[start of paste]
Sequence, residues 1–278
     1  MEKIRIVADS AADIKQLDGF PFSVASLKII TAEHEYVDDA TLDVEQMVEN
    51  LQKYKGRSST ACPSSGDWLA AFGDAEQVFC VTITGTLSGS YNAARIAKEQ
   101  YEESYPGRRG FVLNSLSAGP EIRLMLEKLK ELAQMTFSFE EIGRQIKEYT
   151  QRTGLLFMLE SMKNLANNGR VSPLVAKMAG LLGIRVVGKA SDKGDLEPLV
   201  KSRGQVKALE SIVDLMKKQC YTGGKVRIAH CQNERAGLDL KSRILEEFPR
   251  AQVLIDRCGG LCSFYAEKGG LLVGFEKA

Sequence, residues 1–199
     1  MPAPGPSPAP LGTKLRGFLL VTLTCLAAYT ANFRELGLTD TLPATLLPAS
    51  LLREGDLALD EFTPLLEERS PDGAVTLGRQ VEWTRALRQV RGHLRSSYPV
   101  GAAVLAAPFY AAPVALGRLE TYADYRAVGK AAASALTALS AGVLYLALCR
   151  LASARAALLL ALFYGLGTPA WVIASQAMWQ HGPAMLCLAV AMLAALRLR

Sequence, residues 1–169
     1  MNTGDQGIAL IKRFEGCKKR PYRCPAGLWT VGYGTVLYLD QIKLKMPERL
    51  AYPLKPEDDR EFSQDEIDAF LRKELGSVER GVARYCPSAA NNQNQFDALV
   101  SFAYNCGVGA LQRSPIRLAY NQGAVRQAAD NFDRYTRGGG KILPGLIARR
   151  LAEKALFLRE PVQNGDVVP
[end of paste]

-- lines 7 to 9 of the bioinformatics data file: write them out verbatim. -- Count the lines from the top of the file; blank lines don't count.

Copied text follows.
   251  AQVLIDRCGG LCSFYAEKGG LLVGFEKA

Sequence, residues 1–199
     1  MPAPGPSPAP LGTKLRGFLL VTLTCLAAYT ANFRELGLTD TLPATLLPAS